Shahed Saleem: In What Style Should We Build?
In what style should we build? This question, which has resonated throughout European architectural history for some 150 years, is revisited and reapplied in my talk to the predicament of mosque design in Britain today. Style became an existential battleground for the Victorians, representing contested notions of morality, identity, nostalgia and historicism in a period of self-doubt and reinvention. I argue that Muslim architecture in Britain, and in the West more broadly, where diverse Muslim communities are building as diasporic minority communities, is entwined in similar negotiations of identity and positioning.
Drawing from my research into the architectural and social history of the British mosque, I will provide an historical overview of mosque architecture in Britain, and will set out what I see as its current predicaments. Alongside this, drawing from my own design practice and experiences of working with Muslim communities, I will also suggest my own responses to the questions raised.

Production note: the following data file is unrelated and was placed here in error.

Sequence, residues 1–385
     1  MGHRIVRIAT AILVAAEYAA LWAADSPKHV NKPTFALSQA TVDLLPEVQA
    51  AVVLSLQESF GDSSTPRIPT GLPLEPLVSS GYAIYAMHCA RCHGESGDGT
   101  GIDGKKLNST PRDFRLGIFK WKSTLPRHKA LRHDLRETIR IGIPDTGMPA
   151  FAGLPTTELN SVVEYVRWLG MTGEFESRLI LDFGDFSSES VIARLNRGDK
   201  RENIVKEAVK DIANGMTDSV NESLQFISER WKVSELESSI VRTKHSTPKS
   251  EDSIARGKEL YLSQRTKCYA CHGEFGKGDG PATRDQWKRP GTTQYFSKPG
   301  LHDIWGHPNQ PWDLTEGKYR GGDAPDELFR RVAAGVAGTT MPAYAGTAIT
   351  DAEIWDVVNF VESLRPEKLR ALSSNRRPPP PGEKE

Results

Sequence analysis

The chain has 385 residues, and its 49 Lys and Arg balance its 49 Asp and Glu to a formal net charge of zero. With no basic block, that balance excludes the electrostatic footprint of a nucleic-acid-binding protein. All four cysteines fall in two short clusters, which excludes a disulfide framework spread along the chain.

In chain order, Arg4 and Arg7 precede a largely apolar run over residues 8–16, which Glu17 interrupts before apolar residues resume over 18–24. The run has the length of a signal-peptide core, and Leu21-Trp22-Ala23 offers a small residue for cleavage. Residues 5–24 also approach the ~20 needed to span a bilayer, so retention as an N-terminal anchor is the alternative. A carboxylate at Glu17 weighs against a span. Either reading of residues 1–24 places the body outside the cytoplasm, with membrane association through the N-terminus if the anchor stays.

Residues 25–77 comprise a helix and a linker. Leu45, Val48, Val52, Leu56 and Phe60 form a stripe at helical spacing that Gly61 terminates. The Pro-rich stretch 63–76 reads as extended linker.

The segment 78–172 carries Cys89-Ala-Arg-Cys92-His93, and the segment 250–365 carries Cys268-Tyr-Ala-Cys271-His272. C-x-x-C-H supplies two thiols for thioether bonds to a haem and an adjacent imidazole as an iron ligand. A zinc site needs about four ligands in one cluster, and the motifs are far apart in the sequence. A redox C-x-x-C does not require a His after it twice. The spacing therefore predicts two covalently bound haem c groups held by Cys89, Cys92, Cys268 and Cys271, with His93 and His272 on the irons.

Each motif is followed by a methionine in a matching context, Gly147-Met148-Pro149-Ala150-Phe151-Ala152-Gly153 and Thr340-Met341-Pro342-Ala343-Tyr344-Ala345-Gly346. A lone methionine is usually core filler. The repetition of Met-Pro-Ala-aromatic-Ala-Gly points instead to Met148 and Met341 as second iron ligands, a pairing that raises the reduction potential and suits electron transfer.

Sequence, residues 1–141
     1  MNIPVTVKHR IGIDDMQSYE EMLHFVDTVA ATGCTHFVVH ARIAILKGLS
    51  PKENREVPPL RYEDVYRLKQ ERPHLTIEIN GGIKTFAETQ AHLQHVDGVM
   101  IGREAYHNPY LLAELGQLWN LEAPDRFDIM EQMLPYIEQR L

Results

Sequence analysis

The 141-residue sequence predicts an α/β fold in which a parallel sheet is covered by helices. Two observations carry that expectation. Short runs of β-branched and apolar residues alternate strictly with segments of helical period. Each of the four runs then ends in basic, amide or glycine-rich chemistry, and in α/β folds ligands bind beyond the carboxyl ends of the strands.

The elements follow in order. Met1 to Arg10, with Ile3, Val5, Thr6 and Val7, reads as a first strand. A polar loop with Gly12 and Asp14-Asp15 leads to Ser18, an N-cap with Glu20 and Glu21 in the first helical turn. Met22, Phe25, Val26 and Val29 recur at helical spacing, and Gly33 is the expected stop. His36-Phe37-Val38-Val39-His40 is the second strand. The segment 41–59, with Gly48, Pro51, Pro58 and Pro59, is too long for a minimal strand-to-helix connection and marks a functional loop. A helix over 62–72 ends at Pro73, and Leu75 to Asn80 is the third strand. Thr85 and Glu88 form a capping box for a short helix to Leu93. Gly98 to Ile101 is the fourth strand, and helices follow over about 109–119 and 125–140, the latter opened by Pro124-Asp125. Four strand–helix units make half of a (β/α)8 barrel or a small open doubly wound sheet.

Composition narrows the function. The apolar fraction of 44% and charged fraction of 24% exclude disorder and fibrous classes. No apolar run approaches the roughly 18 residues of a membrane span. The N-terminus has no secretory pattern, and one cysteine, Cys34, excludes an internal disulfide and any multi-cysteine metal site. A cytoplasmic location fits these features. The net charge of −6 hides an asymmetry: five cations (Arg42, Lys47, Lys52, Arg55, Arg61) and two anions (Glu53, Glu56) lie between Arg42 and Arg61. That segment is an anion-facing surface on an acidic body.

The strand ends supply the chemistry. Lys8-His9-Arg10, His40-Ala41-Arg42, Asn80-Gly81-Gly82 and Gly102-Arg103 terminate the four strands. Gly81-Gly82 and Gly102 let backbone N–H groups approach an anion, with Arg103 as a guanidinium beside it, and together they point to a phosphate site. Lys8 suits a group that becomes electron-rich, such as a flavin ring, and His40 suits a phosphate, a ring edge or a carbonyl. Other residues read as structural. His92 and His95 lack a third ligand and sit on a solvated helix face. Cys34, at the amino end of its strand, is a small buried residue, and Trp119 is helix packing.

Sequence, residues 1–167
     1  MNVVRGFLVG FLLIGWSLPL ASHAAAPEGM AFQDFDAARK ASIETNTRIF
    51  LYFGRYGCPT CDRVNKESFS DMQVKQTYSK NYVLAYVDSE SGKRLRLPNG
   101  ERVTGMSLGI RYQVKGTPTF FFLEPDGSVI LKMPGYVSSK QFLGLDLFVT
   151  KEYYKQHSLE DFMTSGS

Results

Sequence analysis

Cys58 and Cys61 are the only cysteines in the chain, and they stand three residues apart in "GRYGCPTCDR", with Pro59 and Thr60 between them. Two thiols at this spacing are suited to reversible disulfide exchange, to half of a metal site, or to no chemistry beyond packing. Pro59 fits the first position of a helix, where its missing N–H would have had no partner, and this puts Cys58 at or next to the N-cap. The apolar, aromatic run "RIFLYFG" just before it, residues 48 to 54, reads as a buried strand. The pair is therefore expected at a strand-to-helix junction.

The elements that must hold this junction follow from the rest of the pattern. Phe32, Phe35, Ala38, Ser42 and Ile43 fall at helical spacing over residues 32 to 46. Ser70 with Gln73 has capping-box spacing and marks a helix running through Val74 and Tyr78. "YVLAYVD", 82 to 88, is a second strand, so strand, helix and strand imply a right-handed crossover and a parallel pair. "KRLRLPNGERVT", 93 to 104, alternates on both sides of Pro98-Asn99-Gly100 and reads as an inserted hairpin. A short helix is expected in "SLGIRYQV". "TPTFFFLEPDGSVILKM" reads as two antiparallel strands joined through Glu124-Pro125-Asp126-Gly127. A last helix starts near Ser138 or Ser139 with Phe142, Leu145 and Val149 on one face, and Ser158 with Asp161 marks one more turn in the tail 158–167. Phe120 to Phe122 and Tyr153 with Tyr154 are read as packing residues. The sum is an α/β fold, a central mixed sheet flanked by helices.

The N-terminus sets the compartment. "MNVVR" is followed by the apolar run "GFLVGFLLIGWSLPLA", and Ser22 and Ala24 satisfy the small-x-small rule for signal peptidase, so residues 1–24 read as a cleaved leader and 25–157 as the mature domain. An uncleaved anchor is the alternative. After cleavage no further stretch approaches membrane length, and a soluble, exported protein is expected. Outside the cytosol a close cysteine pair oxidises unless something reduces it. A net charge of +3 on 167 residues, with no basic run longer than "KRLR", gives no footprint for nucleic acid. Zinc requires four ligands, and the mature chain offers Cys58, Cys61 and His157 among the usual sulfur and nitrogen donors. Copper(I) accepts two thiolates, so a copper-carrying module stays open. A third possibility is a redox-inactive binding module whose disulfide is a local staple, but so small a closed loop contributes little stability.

Shahed Saleem teaches at the University of Westminster and is a Senior Research Fellow at the Bartlett, Survey of London, and a practising architect.
The Architecture Research Forum is a seminar series hosted by the Architecture + Cities Research Group where staff present work-in-progress for discussion.
Where: Erskine Room (M/523), Marylebone Campus
When: Thursday 23rd November, 13:00-14:00